There's a significant difference between serving the military carrying and concealed carrying as a veteran. Making that transition is something that a lot of service personnel will experience after they leave the armed forces and rejoin the ranks of the general public, but opt to carry every day for their personal protection.
There are a few things to know about doing so.
Military Pistol Qualification Can Satisfy Concealed Carry Training Requirements
One of the things to know about getting a concealed carry permit is that most jurisdictions require some sort of concealed carry training. In many cases, proof of military training with a sidearm (like the Beretta M9) will actually satisfy those requirements.
Some states - the constitutional carry states - don't require any training at all, but most of the constitutional carry states do offer a permit that will get you reciprocity with other states, where states other than the one you live in will recognize and honor your permit.
While there are other courses that will also satisfy training requirements (civilians usually take NRA's Basic Pistol, though there are other courses that satisfy the requirements as well) but military training does satisfy most state requirements for training.
However, most states don't have an annual qualification requirement. At most, you'll just have to renew your permit every few years or so.
Carrying A Gun Is Different In The Civilian World
There's a big difference between carrying a gun in the line of duty and concealed carrying a gun as a civilian veteran. In the armed services, some personnel go after the bad guys because it's their job. In the civilian world, you're encouraged to do your best to avoid them.
The rules of engagement are also different.
Granted, they are easy enough to learn. Every state has laws about the use of deadly force, which will more or less spell out what situations you can shoot in and which you can't.
However, shootings often are subject to extensive review by legal authorities whose interpretations of those rules can vary wildly. People who believed they acted completely within the letter and spirit of the law still found themselves incarcerated.
Also, while the goal is to carry for your own protection, concealment is the name of the game. While plenty of people are perfectly fine with other people carrying guns, some civilians are very, very nervous around them. Staying concealed can avoid any unpleasant interactions. By keeping concealed, you also don't make yourself a target, which open carrying can in some circumstances.
There also is no longer a standard-issue anything. The choice of handgun is entirely up to you, as is the choice of holster. You can opt for any gun you want (or can afford!) and any type of holster you want, from old-school leather pancakes to ultra-modern hybrid concealed carry holsters.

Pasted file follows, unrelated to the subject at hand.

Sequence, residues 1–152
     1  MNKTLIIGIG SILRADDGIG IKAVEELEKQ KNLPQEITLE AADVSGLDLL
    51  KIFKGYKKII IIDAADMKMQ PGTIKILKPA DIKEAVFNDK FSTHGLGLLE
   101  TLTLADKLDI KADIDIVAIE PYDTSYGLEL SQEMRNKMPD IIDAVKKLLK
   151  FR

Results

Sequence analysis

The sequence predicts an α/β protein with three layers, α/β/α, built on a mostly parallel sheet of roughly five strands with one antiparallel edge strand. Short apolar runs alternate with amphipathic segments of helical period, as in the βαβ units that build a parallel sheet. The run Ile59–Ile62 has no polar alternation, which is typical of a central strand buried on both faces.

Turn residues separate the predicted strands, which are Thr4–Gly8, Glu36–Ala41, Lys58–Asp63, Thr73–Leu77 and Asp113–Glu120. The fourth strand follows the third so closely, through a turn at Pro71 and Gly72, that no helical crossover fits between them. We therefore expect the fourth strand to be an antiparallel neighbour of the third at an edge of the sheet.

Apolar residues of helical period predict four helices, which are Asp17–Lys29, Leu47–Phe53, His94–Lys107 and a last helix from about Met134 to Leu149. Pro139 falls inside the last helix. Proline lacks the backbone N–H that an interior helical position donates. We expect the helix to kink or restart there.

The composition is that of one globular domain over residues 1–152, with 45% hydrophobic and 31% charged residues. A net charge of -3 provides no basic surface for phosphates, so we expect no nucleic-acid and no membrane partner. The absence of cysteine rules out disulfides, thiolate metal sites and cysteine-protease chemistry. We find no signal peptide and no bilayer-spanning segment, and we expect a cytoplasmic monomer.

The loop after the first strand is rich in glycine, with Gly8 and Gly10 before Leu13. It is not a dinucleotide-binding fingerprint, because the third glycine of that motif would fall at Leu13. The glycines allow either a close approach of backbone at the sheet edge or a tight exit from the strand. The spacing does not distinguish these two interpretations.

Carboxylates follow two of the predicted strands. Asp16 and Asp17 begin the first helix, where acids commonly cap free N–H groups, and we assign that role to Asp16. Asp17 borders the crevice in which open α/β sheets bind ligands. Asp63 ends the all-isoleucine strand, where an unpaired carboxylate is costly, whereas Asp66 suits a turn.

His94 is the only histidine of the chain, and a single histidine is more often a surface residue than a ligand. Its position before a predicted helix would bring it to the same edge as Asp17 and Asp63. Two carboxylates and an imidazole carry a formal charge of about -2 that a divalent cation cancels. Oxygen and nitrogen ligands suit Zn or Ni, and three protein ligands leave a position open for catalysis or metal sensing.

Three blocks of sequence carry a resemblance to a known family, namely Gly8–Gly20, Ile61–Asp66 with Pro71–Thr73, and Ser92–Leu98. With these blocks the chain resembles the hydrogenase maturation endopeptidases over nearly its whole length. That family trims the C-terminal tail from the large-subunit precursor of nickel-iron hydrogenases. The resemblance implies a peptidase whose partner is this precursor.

Concealed Carry Training And Military Training Are Very Different
If you take any concealed carry training, you're going to find a lot of things in common but also a lot of things that aren't. You'll definitely find the mechanics and techniques in shooting are the same, or at least similar, and you'll also find that gun safety is stressed a lot in the training environment.
But you're also going to find a lot that's different. Concealed carry training for civilians puts a lot more emphasis on the proper draw technique.
There will also be a bit less weapon familiarization, as civilians don't have a standard sidearm. Instead, courses will go over how a particular class of pistol works like revolvers and the various types of semi-automatic.
You're also going to notice just how much civilians vary in their experience with guns. Some of them are pretty well versed, and others don't know a thing.
Veteran Support Services Are Available For Those Struggling: Remember To Pay It Forward
Something else to know about the military to civilian transition, including anything related to concealed carry, is to pay it forward. Some people are able to switch easily into civilian life without much trouble. Some people have a very hard time. Some people never really get the hang of it.
If you can pay it forward and help someone make that transition, or with any struggles in civilian life, that's one of the best things a person can do after leaving the service.
Additionally, there are a number of great organizations dedicated to helping veterans, whether with the transition or anything else. For those capable of giving it, they need support. For those in in need of it, they can be a great help for those who deserve it the most.
Here are a few such organizations, dedicated to assisting veterans:
- Make The Connection
- The Veterans Administration
- Idaho Division Of Veterans Services
- Hope For The Warriors
- Swords Into Plowshares
What helped you transition from active duty to veteran concealed carry?
Let us know in the comments below.
About The Author
James England (@sir_jim_england) is the contributing editor for Alien Gear Holsters. He is a veteran of Operation Iraqi Freedom and private defense contracting in Afghanistan.